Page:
A question came up recently: what is a central bank digital currency and why should we even care? Well, a central bank digital currency is in essence a digital form of the country’s fiat currency issued and regulated by a central bank, or to put it another way, it’s a digital dollar bill. Not to be confused with crypto, which is decentralized and not backed by any institution. There are two types of these devices. One is wholesale, one is retail. Wholesale central bank digital currencies are for interbank relationships. Really, the benefit of that will just be simplicity, reduced costs, more rapid transfers. It’s going to be part of the plumbing of the financial system. Doesn’t really affect you and me. What would affect you and me though, is the retail version that could be used for public transactions. Think of it as digital dollars in a digital wallet.
Now, any nation’s fiat currency issued in digital format is in essence a central bank digital currency. It will be issued with the same reserve requirements, the same rules, and to understand this better, we need to understand that cash, or in this case, the digital currency, is actually just a tiny percentage of the total money supply. It’s becoming more and more insignificant as more and more people don’t even carry cash, but it is not to be confused with using your debit card or credit card. That’s not a digital currency. That’s an instruction for a third party to make a transfer from one account to another account, whereas a digital currency can actually be anonymized, carried with you, and even lost.
Now you could say what we’re doing here is splitting a semantic difference. Digital cash, retail, central bank, digital currency, debit card. In a way you are, but in a way you’re not, because the digital currency is truly transportable, can be truly anonymized, though that’s going to come up. It’s going to be difficult for central banks and maybe less so central banks, but most governments to keep their dirty fingers off this currency because if it’s anonymized, it’s harder to tax. So those of you who are afraid of this kind of currency, that might help you feel better. So a central bank digital currency, we’ve decided it’s not money transfers from a debit card. It’s not crypto. It’s something in the middle, and probably the closest thing to it would be what’s called Stablecoin. Now Stablecoin, a cryptocurrency that’s backed by a commodity or another reserve currency, even though they’re privately issued. So they have the privacy of Bitcoin, but with the sense of security that comes with that backing, but the problem is with the Stablecoin, that backing can fail.
They may have issued too many of them. There’s too many things that can go wrong, so there are those who would insist that this digital currency exists in form, if not in reality, but that’s probably not exactly true. Some countries, especially reserve currencies, are going to want to be able to enable people to have anonymized cash. Now, there’s a whole sector of society in governance that’s opposed to anonymized cash. They’re opposed to it because of course it’s used for things like crime, illicit transactions and trade. But sometimes there are legitimate reasons for anonymized cash and that border is extremely muddy and can affect jobs industry and whether or not certain trade comes to your nation or your city or your state versus somewhere else. So this is going to be a tricky area for our legislatures to navigate.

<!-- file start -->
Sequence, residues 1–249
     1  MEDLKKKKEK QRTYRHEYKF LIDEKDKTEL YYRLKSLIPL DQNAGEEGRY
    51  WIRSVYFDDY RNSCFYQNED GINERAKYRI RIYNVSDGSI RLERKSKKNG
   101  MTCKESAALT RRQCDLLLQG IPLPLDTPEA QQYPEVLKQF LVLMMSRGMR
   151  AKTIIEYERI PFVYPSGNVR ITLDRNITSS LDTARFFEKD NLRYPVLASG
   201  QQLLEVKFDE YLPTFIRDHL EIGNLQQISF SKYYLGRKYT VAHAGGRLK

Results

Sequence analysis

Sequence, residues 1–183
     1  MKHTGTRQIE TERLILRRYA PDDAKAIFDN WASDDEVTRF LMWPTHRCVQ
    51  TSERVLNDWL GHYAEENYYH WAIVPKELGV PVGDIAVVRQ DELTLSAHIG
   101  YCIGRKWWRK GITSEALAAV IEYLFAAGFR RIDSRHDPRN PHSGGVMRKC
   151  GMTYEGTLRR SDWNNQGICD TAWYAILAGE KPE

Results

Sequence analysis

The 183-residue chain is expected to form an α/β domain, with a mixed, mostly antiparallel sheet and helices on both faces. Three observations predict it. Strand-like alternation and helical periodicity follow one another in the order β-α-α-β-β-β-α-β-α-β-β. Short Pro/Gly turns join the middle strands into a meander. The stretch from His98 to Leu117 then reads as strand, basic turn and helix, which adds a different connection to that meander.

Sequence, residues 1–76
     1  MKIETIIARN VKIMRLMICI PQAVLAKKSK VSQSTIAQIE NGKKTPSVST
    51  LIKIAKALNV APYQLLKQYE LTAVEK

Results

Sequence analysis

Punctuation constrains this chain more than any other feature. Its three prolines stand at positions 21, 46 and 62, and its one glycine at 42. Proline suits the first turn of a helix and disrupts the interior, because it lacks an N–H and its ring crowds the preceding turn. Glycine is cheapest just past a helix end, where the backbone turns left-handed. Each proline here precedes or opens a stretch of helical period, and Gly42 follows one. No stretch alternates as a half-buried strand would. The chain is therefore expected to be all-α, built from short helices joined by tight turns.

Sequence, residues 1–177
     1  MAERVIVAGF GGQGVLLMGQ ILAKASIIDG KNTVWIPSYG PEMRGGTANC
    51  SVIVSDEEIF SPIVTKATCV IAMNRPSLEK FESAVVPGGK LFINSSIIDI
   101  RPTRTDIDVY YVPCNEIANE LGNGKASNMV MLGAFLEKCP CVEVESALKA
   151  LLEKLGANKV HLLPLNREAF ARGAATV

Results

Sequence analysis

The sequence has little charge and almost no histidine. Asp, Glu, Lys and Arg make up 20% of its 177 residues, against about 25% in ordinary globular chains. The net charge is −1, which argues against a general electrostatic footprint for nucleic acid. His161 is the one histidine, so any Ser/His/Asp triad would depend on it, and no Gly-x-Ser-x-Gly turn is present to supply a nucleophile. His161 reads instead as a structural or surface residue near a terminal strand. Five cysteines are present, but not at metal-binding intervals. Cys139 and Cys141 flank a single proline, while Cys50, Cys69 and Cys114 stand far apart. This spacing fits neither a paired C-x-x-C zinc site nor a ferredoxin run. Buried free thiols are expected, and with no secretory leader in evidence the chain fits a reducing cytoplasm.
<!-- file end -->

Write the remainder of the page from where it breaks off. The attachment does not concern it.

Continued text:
Frankly, I think it’s a non-issue. I think it’s a non-issue because we have real cash, we have crypto coin, and we have debit and credit cards that are those transactions. This is filling a very niche area. In fact, if it’s interesting in any way, it is that it is the Trojan horse that would be used for the government to bring in its own state-backed cryptocurrency. I don’t see that happening overnight or certainly not adoption, and the reason is crypto has its own problems. It’s either extremely energy inefficient or it’s more hackable. Now Ethereum, without getting into the technical side of things, is attempting to solve some of the problems with crypto, but until those problems are solved, this Trojan horse is not something I’d be concerned with, and I’m not sure I’d be concerned even if it did exist. It’s a bit of a non-event. There’s a market for digital cash. There’s a market for anonymity. There’s a desire to do this more efficiently than with crypto. It’s a vacuum that will get filled, but is this a nefarious plot by the government to take your assets? No. The public’s not that stupid. If it became one, they would trade their digital currency for real paper cash or for real crypto. It’s going to be very hard for governments to abuse this. There will be a couple of other ancillary benefits. It will enable the unbanked to now have a way to have an account. There are other solutions to that and some have even been debated and there will be, theoretically, enhanced digital security.
So there you have it. A central bank digital currency. It’s pretty much as exciting as watching paint dry, and it’s certainly nothing for us to be losing any sleep over. This video is a result of a question from a client. If you have any questions that you think would make an interesting video for some, if not all of the viewership, please go ahead and email me with your questions. We wish you the best of investing success. Thank you.
Paul is the founder and CEO of Avion Wealth, LLC. He leads a team of wealth managers in building and executing financial plans for high net worth individuals and families. Contact Avion Wealth to speak with a financial advisor.